People don’t have patience any more. Everything needs to be immediate and instantaneous. I heard someone on the radio last night complain about the 5 seconds of advertising they had to sit through before they could access their YouTube clip.
It is no wonder that children no longer have the attention span for reading:
More than four-in-10 teachers said children failed to read for pleasure at the age of 11, it emerged.
The study – by the publisher Pearson – found that many schools fear children have short attention spans and prefer to spend time online rather than reading a novel.
Teachers also said that books were not seen as “cool” by pupils and raised fears that parents are failing to do enough to promote a love of reading in the home.
Frank Cottrell Boyce, the author, said: “It’s worrying to think that so many young children are not being inspired to pick up a good book and get lost in a story.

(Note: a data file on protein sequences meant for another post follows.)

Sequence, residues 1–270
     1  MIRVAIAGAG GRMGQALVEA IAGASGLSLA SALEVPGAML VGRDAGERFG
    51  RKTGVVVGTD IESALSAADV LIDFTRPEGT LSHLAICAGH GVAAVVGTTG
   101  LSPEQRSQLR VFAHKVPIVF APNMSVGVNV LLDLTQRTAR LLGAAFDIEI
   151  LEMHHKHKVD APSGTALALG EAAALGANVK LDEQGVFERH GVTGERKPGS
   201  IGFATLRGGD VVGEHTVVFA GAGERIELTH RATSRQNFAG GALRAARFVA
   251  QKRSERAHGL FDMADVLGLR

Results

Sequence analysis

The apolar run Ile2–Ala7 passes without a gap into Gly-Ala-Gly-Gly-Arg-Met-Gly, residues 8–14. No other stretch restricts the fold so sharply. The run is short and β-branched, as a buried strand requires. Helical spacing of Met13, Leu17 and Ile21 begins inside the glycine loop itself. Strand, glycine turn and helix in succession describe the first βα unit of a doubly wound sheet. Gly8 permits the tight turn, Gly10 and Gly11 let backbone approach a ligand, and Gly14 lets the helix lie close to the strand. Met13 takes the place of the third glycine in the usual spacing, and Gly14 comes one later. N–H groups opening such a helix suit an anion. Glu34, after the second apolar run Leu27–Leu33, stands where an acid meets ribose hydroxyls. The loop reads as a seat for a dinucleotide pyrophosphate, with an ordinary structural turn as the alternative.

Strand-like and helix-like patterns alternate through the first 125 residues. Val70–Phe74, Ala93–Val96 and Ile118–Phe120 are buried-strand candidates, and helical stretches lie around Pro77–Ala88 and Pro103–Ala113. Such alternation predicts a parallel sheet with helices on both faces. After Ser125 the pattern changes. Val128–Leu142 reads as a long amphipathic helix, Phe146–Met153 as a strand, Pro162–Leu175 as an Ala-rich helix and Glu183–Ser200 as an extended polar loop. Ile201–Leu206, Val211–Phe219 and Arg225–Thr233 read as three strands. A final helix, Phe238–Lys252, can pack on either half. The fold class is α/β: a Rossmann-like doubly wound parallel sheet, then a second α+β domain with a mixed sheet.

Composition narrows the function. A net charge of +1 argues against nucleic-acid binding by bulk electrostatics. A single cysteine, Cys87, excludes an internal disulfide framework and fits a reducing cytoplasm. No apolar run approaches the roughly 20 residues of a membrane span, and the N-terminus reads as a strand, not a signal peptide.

“According to Unesco, the biggest single indicator of whether a child is going to thrive at school and in work is whether or not they read for pleasure.”
The poll questioned around 400 secondary school English teachers.
Two-thirds of those questioned said that reading was not seen as “cool” by pupils, according to the study.
Three-quarters said that children’s attention spans were shorter than ever before, while 94 per cent claimed that pupils preferred to be using the internet rather than reading.
It is my belief that a crucial part of my job is to promote the joys of reading. I take pride in selecting books for my class that will appeal and entertain. I also have a Book Club. This allows my students to see that reading is not necessarily a personal experience but it can be a shared experienced too.